Elevating Jake Locker or Ryan Mallett to the 12th spot based on need would be a shortsighted blunder. 

5. Stockpile Quarterbacks

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    Ricky StanziChristian Petersen/Getty Images

    The Vikings would be wise to leave the draft with two quarterbacks. With Gabbert and Newton expected to go very early, talent and value won't match up until the second round for Minnesota. 

    Flash back to 2008, when Brett Favre's departure left an unproven Aaron Rodgers as the only quarterback on roster in Green Bay. He was a blue chip prospect, but Ted Thompson realized that he was dealing with the most important position in all of sports, so he astutely grabbed two more quarterbacks to add to the mix.

    Louisville's Brian Brohm, who at one point in his college career projected as the No. 1 overall pick, fell to the Packers in the second round (pick 56). Thompson then raised eyebrows when he threw a seventh round flyer at LSU's Matt Flynn. Brohm bombed, but Flynn is now one of the most highly regarded backups in the entire league.

    The Vikings should aim to enter training camp with Joe Webb, two new rookies, and a cheap veteran mentor-type—think Marc Bulger or Chad Pennington. The four-quarterback stigma does not apply to a team as desperate as the Vikings. They need options. 

6. Bolster the Offensive Line

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    The Vikings' bookend their line with a pair of 6'8" behemoths who flirt with a combined 700 lbs. Left tackle Bryant McKinnie (31) and right tackle Phil Loadholt (25) are both talented enough to be major contributors in 2013, but Loadholt is inconsistent, and McKinnie lacks motivation. They could both use a heavy dose of legitimate competition.

    The bigger problem is in the middle. Left guard Steve Hutchinson may already be on his last leg, and he'll be turning 36 midway through the 2013 season. That's where the current roster's interior talent ends.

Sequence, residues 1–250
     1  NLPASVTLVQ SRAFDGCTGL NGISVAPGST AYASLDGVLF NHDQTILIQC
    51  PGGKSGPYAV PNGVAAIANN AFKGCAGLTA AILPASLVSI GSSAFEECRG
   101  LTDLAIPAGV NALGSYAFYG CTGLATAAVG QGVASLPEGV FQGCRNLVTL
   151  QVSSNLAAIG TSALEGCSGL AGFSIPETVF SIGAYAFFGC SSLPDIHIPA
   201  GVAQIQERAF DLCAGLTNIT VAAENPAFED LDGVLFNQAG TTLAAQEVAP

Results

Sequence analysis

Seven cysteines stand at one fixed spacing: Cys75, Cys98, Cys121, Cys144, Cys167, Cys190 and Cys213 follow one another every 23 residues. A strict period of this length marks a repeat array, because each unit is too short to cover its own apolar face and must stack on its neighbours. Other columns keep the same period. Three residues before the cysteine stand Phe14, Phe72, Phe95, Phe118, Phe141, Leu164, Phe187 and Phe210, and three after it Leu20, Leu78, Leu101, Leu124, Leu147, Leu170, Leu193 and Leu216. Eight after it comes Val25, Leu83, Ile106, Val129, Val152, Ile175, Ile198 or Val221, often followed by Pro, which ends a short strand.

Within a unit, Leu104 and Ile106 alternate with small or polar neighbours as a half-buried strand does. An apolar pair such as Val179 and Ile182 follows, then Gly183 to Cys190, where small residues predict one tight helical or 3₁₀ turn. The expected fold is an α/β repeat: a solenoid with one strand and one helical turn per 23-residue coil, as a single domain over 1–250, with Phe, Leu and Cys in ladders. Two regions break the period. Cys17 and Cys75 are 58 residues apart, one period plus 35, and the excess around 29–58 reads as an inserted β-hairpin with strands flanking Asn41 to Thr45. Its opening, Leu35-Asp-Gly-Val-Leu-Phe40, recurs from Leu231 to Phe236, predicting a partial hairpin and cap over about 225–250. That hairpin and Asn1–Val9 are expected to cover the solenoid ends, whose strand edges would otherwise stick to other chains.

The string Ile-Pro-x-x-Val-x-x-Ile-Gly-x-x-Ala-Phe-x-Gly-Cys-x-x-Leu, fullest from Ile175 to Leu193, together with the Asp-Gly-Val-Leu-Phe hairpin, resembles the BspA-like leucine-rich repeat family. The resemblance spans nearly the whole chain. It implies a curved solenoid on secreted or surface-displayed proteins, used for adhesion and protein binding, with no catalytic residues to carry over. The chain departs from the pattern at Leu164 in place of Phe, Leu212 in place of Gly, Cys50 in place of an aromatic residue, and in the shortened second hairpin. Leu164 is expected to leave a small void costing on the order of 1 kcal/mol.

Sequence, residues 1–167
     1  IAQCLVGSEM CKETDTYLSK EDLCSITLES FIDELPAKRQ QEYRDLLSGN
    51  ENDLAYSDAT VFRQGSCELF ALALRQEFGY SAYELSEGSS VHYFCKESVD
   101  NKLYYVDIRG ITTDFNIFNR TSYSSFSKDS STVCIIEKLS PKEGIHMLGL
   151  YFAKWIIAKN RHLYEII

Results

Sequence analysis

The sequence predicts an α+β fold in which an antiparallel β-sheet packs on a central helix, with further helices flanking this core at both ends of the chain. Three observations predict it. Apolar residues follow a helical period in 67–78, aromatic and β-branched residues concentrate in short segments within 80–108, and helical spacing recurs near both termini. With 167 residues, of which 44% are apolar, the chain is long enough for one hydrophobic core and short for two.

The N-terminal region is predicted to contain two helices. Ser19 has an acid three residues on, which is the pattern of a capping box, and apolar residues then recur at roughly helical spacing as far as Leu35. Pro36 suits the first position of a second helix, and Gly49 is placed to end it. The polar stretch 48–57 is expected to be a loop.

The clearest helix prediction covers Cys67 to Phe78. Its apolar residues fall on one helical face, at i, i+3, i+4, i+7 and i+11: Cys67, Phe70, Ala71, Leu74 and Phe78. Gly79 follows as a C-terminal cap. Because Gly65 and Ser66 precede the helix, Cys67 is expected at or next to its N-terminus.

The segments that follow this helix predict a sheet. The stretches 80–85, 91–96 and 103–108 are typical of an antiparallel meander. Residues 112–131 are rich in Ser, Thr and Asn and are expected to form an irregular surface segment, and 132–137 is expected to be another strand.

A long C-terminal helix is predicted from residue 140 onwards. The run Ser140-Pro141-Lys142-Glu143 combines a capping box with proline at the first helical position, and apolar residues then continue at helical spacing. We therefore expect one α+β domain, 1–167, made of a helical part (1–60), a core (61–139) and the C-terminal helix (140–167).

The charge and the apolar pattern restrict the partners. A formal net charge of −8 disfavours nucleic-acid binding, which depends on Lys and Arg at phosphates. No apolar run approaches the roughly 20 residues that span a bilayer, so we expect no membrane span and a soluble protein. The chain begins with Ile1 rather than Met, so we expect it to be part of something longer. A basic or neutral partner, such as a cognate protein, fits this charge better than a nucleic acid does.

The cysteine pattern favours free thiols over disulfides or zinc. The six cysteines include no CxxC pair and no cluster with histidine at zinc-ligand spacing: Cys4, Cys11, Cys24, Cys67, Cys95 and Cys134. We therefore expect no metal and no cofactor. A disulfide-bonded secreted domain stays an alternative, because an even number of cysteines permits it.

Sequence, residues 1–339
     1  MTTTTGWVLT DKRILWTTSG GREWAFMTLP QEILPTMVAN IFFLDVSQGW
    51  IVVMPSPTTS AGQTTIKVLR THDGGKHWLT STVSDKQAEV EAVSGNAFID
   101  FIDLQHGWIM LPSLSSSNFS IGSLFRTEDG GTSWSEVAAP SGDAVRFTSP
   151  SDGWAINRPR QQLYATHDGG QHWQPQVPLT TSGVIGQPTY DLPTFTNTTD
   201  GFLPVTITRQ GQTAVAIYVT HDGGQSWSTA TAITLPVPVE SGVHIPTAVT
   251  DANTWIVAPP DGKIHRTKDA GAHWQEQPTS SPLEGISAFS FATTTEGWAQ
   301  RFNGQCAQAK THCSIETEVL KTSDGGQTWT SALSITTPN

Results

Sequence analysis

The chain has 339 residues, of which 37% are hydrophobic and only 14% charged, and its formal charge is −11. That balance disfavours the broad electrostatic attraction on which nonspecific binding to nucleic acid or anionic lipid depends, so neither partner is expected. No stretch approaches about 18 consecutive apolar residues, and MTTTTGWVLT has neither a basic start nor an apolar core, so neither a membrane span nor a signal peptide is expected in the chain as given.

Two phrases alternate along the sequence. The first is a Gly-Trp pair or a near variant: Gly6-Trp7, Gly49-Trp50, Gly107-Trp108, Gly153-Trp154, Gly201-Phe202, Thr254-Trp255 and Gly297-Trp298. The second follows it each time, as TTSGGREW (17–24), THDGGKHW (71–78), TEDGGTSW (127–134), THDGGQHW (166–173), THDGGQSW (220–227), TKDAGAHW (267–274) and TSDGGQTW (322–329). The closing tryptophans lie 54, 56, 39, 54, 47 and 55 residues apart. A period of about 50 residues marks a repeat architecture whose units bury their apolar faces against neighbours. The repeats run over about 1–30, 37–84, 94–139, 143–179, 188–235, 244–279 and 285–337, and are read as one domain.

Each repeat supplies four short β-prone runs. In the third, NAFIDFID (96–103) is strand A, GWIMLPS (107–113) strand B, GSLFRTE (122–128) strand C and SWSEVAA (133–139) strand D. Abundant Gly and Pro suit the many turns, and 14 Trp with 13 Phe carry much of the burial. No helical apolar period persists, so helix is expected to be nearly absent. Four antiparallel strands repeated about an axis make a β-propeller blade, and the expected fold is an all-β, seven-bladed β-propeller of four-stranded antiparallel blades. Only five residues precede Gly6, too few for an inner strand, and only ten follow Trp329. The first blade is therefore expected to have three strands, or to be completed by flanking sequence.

It's been speculated that Phil Loadholt could move inside to guard, and that McKinnie could slide over to right tackle if the Vikings uncover a promising left tackle. Regardless, with at least three holes to fill, 60 percent of the 2013 starting offensive line is not on roster yet.

    Positionally speaking, this draft is widely regarded to be very deep in the trenches.

7. Revamp the Secondary

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    Antoine Winfield will turn 36 prior to the 2013 season, and he'll have undoubtedly transitioned to safety by then. Cedric Griffin is on the mend—he's now torn both ACLs. The only other noteworthy cornerback is last year's top pick, Chris Cook, who battled multiple knee injuries throughout his rookie season and was ineffective when active.

    God bless Madieu Williams. In a league full of false idols, his humanitarian efforts are truly heroic. Sadly, the NFL's Man of the Year is not a starting-level safety for a contending NFL team, and neither are any of the other safeties currently on roster.

    Did I mention Aaron Rodgers is only 27 years old?

Minnesota Vikings: Best Case Scenario

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    Barring a trade, the picks and analysis below represent what I feel would be the best case scenario for the Vikings if everything were to fall into place.

    1.12) Prince Amukamara; CB, Nebraska - Prince locks down one side of the field for the next decade, and would be a no-brainer if he were to fall to 12.

    2.11) Colin Kaepernick; QB, Nevada - A first round talent, Kaepernick is a developmental quarterback who will be ready to shine in 2013.

    4.09) Will Rackley; G/C, Lehigh - Rackley is a small-school left tackle who projects as a very solid guard/center prospect with positional flexibility at the next level.

    5.08) Ahmad Black, SS, Florida - Black is a bit undersized, and he had a poor combine. However, he's a big-effort gamer, and a fearless hitter who lets the tape do the talking.

    5.19) Ricky Stanzi; QB, Iowa - Minnesota uses the pick they acquired in the Sage Rosenfels deal on another signal caller. Stanzi may lack the physical tools of the draft's top prospects, but his moxie and intangibles are off the charts. 

    6.7) Terrell McClain; DT, South Florida - McClain is a high-motor prospect who has the ability to be disruptive in the run game, and has potential for improvement as a pass-rusher.  

    7.12) Ricardo Lockette; WR, Fort Valley State - A Division II track star, Lockette possesses a tantalizing size/speed combination, but he's incredibly raw.

    I bought heavily into the "2013 Plan" when formulating my selections. Outside of Amukamara and Stanzi, I opted for talent and upside over polish. This projects as a raw draft class with outstanding long-term potential. 


    As a member of the Fantasy Sports Writers Association (FSWA), Ryan Boser has contributed writing and commentary for numerous fantasy football outlets. His own website, Out of My League, covers both fantasy football and the Minnesota sports landscape.